Liu Xiaobo's widow Liu Xia is back in Beijing, relative says

By staff writer

However, it's unclear where Liu Xia, who's been largely out of contact with the outside world since her husband died, actually is

By staff writer |

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Liu Xia may be back in Beijing but relative says it's unclear exactly where she is.

The widow of late Chinese Nobel laureate Liu Xiaobo has returned to Beijing but it’s unclear where she is, a family member said on Tuesday, about three weeks after her husband’s death.

Liu Xia was with her husband at a hospital in the northeastern city of Shenyang in his final days. But her whereabouts were unknown until now and she has remained largely out of contact with the outside world since his death on July 13.

The Hong Kong-based Information Centre for Human Rights and Democracy quoted relatives of Liu Xia as saying that she was in Beijing on Tuesday but they were unable to speak to her directly.

“Liu Xia’s family members confirmed at 10am that both Liu Xia and Liu Hui [her brother] are in Beijing today,” the centre said in a statement, although it was unable to confirm whether she was at home.

But some of Liu Xia’s close contacts – including her lawyer, Mo Shaoping, and friends Ye Du, a dissident poet, and activist Hu Jia – said they had not heard any news of her whereabouts.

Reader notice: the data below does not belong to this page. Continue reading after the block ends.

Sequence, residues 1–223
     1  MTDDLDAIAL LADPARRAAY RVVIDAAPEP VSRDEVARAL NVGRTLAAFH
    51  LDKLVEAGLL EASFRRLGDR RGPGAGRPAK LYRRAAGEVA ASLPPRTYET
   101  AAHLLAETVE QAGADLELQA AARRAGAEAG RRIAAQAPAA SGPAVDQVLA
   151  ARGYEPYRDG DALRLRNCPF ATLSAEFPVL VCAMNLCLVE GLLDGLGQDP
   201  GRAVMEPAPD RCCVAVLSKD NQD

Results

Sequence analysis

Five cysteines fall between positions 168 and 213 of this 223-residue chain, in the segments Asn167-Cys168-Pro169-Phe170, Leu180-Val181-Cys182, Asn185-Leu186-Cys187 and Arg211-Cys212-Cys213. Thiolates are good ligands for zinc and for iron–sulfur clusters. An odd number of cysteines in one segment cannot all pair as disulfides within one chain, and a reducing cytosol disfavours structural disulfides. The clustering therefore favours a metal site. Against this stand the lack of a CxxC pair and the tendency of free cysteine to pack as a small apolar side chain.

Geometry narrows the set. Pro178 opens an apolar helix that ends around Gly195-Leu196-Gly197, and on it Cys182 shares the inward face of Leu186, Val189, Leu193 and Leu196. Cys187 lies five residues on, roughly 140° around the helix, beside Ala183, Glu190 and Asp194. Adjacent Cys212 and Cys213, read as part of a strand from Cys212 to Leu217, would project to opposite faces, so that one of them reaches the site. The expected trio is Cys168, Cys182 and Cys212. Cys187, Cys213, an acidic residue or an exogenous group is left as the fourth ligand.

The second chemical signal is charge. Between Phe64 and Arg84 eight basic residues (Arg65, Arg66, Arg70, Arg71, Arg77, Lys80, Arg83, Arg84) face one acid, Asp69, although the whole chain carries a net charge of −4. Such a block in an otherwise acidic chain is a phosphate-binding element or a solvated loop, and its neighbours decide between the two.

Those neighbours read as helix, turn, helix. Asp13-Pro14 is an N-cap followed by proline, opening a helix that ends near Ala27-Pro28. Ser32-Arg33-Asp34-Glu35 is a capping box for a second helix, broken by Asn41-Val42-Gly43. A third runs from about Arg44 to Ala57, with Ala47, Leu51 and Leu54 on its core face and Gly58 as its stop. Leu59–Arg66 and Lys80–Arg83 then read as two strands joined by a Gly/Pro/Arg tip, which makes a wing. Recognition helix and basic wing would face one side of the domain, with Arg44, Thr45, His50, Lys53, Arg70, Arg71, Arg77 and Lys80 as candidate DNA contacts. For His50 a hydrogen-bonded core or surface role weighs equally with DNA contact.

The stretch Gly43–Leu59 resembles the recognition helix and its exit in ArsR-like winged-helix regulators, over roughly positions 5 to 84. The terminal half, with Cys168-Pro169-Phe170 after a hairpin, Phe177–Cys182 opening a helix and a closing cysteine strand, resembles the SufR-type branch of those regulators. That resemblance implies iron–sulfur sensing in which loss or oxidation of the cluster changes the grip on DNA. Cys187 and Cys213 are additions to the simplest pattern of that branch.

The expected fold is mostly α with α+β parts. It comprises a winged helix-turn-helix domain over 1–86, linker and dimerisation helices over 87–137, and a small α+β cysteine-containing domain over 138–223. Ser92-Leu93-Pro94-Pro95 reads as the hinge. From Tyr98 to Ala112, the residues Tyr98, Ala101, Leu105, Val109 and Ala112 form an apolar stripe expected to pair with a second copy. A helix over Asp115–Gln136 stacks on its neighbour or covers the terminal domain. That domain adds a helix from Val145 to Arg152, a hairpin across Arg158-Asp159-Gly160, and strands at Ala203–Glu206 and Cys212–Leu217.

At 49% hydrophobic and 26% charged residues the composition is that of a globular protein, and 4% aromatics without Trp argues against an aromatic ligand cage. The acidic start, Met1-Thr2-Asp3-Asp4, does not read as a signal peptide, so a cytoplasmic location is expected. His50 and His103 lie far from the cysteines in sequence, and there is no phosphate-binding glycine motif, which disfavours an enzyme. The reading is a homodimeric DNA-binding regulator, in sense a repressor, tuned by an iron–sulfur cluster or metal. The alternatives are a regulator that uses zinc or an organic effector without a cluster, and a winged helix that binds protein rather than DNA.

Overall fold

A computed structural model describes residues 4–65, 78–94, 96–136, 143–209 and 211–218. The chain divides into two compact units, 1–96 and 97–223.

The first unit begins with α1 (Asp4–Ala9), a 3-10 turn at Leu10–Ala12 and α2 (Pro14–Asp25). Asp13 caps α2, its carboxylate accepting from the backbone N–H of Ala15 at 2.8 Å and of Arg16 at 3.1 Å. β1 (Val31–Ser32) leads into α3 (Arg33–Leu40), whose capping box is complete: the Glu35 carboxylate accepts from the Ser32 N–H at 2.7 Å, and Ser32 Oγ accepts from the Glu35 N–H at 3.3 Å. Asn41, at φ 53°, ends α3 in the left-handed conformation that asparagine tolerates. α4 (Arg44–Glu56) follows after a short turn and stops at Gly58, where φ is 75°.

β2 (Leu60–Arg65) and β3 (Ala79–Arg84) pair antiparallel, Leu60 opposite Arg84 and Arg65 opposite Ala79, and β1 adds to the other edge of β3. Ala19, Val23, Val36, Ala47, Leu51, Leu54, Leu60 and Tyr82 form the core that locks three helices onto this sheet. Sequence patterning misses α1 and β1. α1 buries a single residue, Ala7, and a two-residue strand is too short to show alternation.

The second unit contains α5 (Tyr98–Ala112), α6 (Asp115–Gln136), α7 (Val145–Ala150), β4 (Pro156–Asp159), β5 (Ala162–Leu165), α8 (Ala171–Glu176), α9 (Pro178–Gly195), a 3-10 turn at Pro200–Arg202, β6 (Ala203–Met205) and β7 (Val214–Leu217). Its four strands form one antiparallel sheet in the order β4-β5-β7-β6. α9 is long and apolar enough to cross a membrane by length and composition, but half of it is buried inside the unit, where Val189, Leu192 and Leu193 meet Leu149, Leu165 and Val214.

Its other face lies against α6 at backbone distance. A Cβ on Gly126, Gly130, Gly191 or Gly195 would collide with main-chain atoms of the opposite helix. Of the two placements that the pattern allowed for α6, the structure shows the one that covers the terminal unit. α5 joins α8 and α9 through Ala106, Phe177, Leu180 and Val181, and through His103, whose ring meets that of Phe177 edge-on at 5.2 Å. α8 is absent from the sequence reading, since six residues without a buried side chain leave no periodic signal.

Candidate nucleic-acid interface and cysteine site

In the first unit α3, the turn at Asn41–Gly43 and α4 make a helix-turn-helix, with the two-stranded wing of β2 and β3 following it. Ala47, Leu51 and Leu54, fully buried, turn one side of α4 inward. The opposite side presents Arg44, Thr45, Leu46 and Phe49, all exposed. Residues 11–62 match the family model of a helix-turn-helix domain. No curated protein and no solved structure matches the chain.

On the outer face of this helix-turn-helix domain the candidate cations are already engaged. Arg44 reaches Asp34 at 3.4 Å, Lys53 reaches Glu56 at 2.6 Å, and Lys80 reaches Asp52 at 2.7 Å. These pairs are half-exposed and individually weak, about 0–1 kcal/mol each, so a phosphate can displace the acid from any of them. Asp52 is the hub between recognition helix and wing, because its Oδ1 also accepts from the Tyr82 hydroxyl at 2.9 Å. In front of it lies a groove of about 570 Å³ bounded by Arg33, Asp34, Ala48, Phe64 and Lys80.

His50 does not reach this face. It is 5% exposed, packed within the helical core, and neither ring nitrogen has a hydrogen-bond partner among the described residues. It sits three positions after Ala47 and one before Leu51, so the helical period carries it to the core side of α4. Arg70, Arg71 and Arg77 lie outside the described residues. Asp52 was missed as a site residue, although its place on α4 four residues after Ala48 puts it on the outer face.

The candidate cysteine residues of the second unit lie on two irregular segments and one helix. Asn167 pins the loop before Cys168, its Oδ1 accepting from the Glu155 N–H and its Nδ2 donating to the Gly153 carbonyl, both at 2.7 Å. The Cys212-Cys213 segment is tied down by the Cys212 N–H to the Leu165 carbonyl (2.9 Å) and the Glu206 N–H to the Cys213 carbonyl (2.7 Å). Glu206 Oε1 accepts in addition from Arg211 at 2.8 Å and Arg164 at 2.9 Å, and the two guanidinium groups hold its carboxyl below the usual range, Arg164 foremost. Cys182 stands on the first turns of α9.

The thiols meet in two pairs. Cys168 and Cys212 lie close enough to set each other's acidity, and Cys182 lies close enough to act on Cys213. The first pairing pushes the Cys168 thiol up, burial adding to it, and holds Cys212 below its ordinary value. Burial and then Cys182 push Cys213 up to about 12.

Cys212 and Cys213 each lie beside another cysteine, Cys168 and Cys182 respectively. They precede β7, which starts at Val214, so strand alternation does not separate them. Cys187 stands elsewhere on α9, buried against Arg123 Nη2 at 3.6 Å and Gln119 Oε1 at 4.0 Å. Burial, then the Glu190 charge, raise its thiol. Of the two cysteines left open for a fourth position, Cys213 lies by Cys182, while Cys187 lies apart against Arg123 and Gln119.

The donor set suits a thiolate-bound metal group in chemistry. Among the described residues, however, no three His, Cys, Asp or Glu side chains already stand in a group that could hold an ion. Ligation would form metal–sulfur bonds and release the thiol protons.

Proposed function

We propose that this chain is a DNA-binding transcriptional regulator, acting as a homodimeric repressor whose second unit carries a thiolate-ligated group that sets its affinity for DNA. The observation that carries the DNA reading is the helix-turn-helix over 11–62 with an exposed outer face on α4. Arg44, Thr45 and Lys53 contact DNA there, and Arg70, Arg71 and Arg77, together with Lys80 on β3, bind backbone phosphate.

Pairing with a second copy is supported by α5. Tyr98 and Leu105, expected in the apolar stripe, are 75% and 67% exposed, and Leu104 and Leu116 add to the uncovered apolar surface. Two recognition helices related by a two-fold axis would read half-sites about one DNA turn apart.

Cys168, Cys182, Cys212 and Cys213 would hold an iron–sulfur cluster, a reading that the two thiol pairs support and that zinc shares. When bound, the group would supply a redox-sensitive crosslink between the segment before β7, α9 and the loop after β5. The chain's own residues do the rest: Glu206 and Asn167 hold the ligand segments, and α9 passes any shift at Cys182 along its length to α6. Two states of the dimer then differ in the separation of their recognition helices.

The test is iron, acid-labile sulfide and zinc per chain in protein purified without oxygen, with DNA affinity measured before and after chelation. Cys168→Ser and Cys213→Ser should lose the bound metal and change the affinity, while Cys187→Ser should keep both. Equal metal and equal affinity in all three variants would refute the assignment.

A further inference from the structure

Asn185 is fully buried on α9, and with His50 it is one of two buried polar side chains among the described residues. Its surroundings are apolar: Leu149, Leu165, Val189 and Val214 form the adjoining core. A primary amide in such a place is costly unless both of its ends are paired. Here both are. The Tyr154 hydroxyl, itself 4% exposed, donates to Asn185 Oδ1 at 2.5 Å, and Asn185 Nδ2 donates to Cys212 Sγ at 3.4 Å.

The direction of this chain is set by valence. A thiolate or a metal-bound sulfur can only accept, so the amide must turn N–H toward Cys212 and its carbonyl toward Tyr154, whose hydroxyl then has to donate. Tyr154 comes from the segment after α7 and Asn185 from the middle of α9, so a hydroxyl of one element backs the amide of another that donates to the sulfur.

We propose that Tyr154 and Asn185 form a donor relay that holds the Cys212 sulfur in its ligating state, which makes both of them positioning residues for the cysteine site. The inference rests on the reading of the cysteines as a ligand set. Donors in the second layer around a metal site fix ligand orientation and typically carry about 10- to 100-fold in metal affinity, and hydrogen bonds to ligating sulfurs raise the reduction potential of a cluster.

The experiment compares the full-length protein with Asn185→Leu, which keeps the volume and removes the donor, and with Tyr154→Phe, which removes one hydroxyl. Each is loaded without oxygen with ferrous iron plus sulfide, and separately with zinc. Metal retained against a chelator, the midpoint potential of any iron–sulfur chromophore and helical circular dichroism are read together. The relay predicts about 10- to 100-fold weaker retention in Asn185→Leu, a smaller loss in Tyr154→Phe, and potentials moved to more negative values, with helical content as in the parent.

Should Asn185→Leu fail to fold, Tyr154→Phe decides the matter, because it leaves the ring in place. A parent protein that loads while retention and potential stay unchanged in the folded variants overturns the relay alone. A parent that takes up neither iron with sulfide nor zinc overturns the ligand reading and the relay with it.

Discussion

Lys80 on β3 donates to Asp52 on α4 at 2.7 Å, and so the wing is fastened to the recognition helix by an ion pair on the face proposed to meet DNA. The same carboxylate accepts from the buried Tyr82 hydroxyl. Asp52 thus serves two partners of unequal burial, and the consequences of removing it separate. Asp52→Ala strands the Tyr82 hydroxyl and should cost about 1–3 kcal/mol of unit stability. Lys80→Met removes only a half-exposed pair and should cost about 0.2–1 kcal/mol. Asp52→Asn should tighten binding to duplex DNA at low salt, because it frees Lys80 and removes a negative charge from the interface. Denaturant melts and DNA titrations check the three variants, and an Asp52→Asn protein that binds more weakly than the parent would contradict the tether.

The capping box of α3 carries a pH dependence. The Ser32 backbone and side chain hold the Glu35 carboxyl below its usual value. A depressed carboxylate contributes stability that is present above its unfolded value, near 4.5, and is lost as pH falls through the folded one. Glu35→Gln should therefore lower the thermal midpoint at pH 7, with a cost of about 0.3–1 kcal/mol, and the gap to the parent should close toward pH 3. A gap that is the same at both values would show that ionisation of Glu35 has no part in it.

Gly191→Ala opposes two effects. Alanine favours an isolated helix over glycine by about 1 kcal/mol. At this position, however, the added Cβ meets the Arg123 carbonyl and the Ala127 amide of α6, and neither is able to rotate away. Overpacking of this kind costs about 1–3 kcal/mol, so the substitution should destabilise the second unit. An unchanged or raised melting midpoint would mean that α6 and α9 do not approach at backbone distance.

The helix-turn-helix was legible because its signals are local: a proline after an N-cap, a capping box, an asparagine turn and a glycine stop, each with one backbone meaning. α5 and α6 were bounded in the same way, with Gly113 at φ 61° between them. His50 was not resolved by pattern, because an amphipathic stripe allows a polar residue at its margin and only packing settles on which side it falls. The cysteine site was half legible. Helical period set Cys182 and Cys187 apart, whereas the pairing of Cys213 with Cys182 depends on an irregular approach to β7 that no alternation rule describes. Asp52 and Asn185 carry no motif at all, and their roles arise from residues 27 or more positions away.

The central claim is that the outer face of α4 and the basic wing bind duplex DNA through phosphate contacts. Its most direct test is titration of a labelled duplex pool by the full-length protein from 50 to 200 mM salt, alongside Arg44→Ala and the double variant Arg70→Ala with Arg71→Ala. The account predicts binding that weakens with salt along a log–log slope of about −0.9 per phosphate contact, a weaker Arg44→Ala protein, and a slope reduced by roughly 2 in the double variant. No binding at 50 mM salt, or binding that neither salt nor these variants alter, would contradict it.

Hu said there was no sign to suggest that Liu was back home as of Monday evening, citing other activists who had checked on her apartment.

“Her being back in Beijing and back in her apartment are two different things,” Hu said. “She might still be locked up or she’s been placed with relatives in Beijing upon returning to the city.”

Liu Xiaobo, an outspoken critic of China’s Communist Party, was transferred to hospital after being diagnosed with liver cancer in June while he served an 11-year jail sentence for his part in drafting a document calling for peaceful democratic reform, known as “Charter 08”.

The dissident was sentenced in 2009 and his wife, an artist and poet, was put under house arrest after he won the Nobel Peace Prize “for his long and non-violent struggle for fundamental human rights in China”.

Edited by Jamie Lam

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